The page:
Dec. 11, 2018 — Vulnerable student populations at CSU Channel Islands (CSUCI) are benefitting from two separate grants from one local and one national organization.

Professor of Chicana/o Studies Jose Alamillo and Assistant Professors of Sociology Luis Sanchez and Karina Chavarria applied for the local grant of $3,000 from the Social Justice Fund of Ventura County in support of a project called “Immigrant Empowerment.”

The national grant for $6,000 came from the Association of American Colleges & Universities (AAC&U) to CSUCI’s Student Academic Success & Equity Initiatives in support of a project entitled the “AAC&U/Endeavor Fund Transfer Student Success.”

The grant resulted from a collaborative effort between Santa Barbara City College (SBCC), CSUCI and the AAC&U.

 The AAC&U grant will strengthen an ongoing program that helps transfer students learn about the opportunities available if they pursue a four-year degree after completing community college.

“In our region, especially in Ventura County, college-going rates are low,” explained Assistant Director for Student Success & Equity Initiatives Michelle Hasendonckx. “Students who start their education at a community college are less likely to go on to a four-year university. So we want students at community colleges to know what options are available to them.”

CSUCI and SBCC began their collaboration three years ago with the goal of improving student transfer success.

The AAC&U got wind of their collaboration and threw their support behind it and four similar partnerships across the nation. Then, this summer, CSUCI and SBCC were among three partnerships chosen by the AAC&U to receive a grant.

CSUCI’s grant was used to enhance the fourth annual Transfer Academy, held in September. The Academy is a day-long conference in which community college students come to the CSUCI campus to learn about the benefits of a four-year degree, and get step-by-step guidance on how to transfer from a community college to a four-year college, how to get financial aid, etc.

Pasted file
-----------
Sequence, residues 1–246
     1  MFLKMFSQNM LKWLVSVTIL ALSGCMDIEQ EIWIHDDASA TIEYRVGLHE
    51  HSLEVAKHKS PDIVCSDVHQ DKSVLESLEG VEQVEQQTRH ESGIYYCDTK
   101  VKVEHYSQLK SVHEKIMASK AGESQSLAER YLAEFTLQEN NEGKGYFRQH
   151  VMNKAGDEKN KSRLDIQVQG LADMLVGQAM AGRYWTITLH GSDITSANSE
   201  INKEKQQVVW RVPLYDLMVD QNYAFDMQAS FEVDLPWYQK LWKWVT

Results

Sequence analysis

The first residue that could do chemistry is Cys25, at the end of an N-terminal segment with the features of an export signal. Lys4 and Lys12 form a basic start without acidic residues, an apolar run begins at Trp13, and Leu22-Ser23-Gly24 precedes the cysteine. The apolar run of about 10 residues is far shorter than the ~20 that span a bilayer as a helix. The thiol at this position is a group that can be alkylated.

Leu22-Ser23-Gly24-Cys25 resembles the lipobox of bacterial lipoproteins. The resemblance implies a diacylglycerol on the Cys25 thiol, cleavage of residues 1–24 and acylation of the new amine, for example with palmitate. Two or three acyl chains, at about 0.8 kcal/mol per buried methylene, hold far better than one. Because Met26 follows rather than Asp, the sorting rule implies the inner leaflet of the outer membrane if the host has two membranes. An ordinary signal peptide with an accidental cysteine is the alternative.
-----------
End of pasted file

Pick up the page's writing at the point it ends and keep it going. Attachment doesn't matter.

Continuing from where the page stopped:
“Overall the turnout was a lot higher than we expected,” said CSUCI’s Transfer Student Success Activity Director Verónica Montoya, who organized the conference. “With the grant, we were able to provide transportation to students from both Oxnard College and SBCC. We drew in students who might not otherwise be able to attend.”

Also, the grant allowed student mentors to visit all of Ventura County’s community colleges and SBCC to tell students about the Academy and their journeys toward a four-year degree.

The “Immigrant Empowerment” project is still in its planning stages, but will be designed to provide undocumented immigrant students and their families information about their rights.

The grant will fund the recruitment of CSUCI students to develop workshops about immigrant rights which they will take to area high schools with higher populations of students from immigrant families.  In addition, students will be trained to analyze local data related to the social and economic conditions of the county’s immigrant population.

“Many high schoolers and young people in general don’t know the rights they have when dealing with immigration officials,” Alamillo said. “A lot of parents shield their children from this information and they go to apply to college and learn they are undocumented.”

Six CSUCI students will be selected and trained to do these workshops. Two will create a web site that will act as a clearinghouse for resources available in the county such as immigration attorneys. All six will receive a $500 stipend made possible by the grant.

Alamillo said the committee is in the process of selecting six students and is going over plans to work with immigrant rights advocates such as the Central Coast Alliance for a Sustainable Economy (CAUSE); Mixteco Indigenous Community Organizing Project (MICOP) and Conejo Connections, a Thousand Oaks group for high school students with Deferred Action for Childhood Arrivals (DACA). 

“In the future, with more citizenship information events, people won’t be intimidated or afraid to come out of the shadows,” Alamillo said. “They have resources.”